🇨🇴 A Colombian Christmas 🇨🇴

My family and I went to Colombia for the holidays. Not Columbia, but Colombia. Yes, the country where drug cartels ruled and kidnappings once regularly occurred. When I told people what we were doing for the holidays the common response I got was, “Why?” I then would explain that our daughter was teaching there and we wanted to see her. So, we made the family pilgrimage. Little did I know, I’d also come away with some powerful insights.

The trip there was about as smooth as a cracked cell phone screen. We grumbled and complained due to missing our flight because of mechanical failure. Our irritation grew as we were rerouted in the opposite direction. We actually lost an entire day scurrying from airport to airport piecing our arrival together. Then, the requisite cherry on top was the loss of luggage which ensued days of misery for one of us.

Our general misery subsided however, as we arrived to this land overflowing with abundant fruits and generous foliage. The lush, green canopies of aged, coffee plants, towering, wax palms and unidentifiable flora were breathtaking. Of course, seeing our daughter was the real prize. All six of us together on a family trip and we would have unknown memories yet to make.

Arriving during the Christmas season was extra special. My daughter had indicated that Colombia was its most festive around Christmas. The towns were lit up like gigantic, twinkling, tree ornaments. I noticed dancing lights every square inch from our aerial view during our flight from Bogota to Cali. I also noticed something odd- dressed up, lap dogs on our plane. Then street dogs, shop dogs, and personal dogs in just about every place of our first city, Salento. That was where we toured the coffee plantation and horseback rode up a mountain. For the record, most of us did not know how to horseback ride, much less on a narrow path on the side of a mountain.

Colombia is known for their flavorful coffee. I will never drink coffee irreverently again knowing all that goes into it. The back-breaking labor of handpicking ripe red, “cherry” beans (on a steep hill) and sorting through all the beans is impressive, intentional work- especially for the smaller, old fashioned farms that prefer to keep their coffee “pure.” We learned the process and that the country itself drinks the rejected beans and exports their best to the likes of us. “We are spoiled,” I thought more than once on this trip.

Coffee plant
Coffee cherry with beans

Another day, we took off on a Jeep ride to the base of the greenest mountain I have ever seen. There we mounted horses (without any education on riding- instructors couldn’t speak English anyway) and made our way up to the aged, wax palm trees. The trees looked straight out of a Dr. Seuss book. They were approximately 60 meters tall and 200 years old. Standing in their natural arbor, the panoramic view was pure art. Speechless, we took it all in.

At this point of our journey we learned a few curious things about Colombia. First, it is NOT a poor country. Second, you can’t flush toilet paper ANYWHERE in the country and third, people are extremely nice but you can’t expect anyone to speak English. Our most pleasant surprise was how incredibly affordable everything was. Our family of six could eat out for less than half of what we paid at home.

After Christmas, we headed to Cali and attended “La Féria.” It’s a traditional celebration parade of the peoples of Colombia dating from the indigenous through modern times. Each was represented with floats, music, and elaborate costumes. It was quite a site. Next, my daughter and I had a girls day and the boys tried kite surfing. I was thankful to eat a fabulous meal in a spa-like restaurant and shop Colombian designers instead. Custom clothes abound there. Many have the seamstress connected to their showrooms. I’d never seen boutique couture like that before.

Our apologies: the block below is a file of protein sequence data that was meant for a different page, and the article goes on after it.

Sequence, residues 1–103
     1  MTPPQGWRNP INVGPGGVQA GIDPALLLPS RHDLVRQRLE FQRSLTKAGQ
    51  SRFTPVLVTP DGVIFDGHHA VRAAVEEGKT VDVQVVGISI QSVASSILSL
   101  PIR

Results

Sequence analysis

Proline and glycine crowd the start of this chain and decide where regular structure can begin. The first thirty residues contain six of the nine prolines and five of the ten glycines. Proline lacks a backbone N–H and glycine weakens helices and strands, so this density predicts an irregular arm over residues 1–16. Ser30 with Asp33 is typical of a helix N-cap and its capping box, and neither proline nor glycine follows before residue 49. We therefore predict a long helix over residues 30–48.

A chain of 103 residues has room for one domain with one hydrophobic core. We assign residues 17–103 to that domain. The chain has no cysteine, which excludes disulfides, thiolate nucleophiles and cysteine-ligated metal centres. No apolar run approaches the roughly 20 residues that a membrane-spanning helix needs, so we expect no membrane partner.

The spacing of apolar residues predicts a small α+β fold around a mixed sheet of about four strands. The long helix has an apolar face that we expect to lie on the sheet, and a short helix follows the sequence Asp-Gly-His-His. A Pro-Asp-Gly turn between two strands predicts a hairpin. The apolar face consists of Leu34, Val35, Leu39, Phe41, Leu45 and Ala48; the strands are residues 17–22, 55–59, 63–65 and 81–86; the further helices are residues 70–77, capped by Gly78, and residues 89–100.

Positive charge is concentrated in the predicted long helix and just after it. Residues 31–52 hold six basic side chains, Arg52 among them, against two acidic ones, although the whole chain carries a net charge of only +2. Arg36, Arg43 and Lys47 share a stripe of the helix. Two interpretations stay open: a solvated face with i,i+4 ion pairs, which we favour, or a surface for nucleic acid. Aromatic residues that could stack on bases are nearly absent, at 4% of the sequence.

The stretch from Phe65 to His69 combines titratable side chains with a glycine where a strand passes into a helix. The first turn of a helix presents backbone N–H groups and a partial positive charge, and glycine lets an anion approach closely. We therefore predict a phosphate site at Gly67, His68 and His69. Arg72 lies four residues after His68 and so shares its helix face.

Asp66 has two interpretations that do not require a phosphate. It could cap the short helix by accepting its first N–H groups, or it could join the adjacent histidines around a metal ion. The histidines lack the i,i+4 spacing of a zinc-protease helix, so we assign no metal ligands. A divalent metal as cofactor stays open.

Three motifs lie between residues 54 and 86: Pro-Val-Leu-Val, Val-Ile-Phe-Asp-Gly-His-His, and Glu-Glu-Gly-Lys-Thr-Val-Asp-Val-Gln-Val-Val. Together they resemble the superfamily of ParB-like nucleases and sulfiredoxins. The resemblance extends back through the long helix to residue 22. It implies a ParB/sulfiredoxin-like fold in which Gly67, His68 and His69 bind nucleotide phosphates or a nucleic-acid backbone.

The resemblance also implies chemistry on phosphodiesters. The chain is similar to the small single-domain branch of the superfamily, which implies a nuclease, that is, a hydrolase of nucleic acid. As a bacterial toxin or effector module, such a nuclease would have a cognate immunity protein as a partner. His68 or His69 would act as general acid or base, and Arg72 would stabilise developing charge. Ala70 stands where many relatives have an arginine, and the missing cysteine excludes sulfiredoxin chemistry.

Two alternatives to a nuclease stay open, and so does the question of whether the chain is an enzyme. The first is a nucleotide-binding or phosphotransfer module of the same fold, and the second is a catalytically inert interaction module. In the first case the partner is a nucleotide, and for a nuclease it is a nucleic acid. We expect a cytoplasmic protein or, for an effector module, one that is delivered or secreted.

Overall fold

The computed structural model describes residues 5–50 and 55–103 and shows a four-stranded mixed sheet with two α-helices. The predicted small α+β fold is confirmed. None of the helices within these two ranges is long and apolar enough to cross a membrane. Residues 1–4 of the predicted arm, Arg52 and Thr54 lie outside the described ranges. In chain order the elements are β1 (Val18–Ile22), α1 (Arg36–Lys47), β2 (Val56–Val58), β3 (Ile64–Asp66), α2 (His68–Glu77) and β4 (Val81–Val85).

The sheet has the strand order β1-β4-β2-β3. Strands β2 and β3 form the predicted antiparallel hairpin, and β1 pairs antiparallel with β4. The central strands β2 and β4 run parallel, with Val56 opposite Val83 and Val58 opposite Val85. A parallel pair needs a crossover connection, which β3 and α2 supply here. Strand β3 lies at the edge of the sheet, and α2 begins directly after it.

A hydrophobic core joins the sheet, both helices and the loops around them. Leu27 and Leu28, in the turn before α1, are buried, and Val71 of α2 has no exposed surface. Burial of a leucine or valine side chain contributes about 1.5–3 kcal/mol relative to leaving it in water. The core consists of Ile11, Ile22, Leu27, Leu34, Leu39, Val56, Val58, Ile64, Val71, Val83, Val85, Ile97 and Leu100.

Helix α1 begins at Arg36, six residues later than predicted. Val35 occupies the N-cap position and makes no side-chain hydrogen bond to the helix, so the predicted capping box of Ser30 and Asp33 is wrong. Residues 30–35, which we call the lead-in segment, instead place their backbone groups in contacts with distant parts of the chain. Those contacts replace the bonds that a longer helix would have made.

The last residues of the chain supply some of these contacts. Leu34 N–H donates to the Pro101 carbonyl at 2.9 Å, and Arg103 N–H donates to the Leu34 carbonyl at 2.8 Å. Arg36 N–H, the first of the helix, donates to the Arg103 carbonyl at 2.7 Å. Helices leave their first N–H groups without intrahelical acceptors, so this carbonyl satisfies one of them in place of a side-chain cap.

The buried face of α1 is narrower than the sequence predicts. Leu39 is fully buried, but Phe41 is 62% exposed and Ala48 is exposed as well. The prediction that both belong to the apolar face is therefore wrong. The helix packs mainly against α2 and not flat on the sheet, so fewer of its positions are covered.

New Years is a family event in Colombia, unlike the US. So, most everything was shut for the holiday. We ended up at the Marriott (notably the nicest and most expensive hotel in Cali) for a sushi dinner and people watching. It did not disappoint as people cascaded in wearing ball gowns and international flight crews arrived in their stylish, European uniforms. It was a feast for the eyes.

For our last stop, we headed to Bogota as our daughter headed to Medellin. We had one last day to see sights. A few of us headed up to Montserrat- named for the same in Barcelona- for good luck, per tradition, while others retreated from the rain.

Sadly departing, we immediately said we were coming back. Colombia we found, is NOT the TV show “Narcos,” nor is it a dangerous, third world country. As the small hotelier stated in broken English, “We Colombians don’t have access to everything but we appreciate more because of it. We have peace in our hearts and that comes from inside.”

Love You, Like You

The saying “Love you, like you” has made its way into my stash of favorites. I have no idea where it originated, but am so glad it did. I think one of our children spontaneously said it as a small child and it stuck. In our home, we tend to not always like each other but we always love each other. That brings me a lot of peace because sometimes family life is anything but peace-filled!

I have a dear friend with an autistic son who attends a special school. At the school the students and parents were asked to vote on t-shirt slogans to promote positivity and be a fundraiser. My friend voted the one with the slogan “I Love You & I Like You” and even ordered me one! I love it immeasurably. She doesn’t know the example she serves in my life. I wear that shirt with pride.

My mother in law once said that being liked is even more complimentary than being loved (paraphrased). I get what she means. We love our families and we like our friends. In this, we are basically saying “love” is commitment- not emotion led- but “like” is fun and endearing. Like anyone else I’d like to be liked too. Feelings aside, if you love someone, you might only like them sometimes. If considering just liking someone, then you either do or you don’t.

It’s the oddest thing to be disliked (and know it) but not know why. It used to bug me wondering why someone was frequently cold to me, but now, not so much. I realize I also like some people more and others not as much. Why? Who knows? It is just chemistry, or lack there of, or any thousand other reasons, I suppose.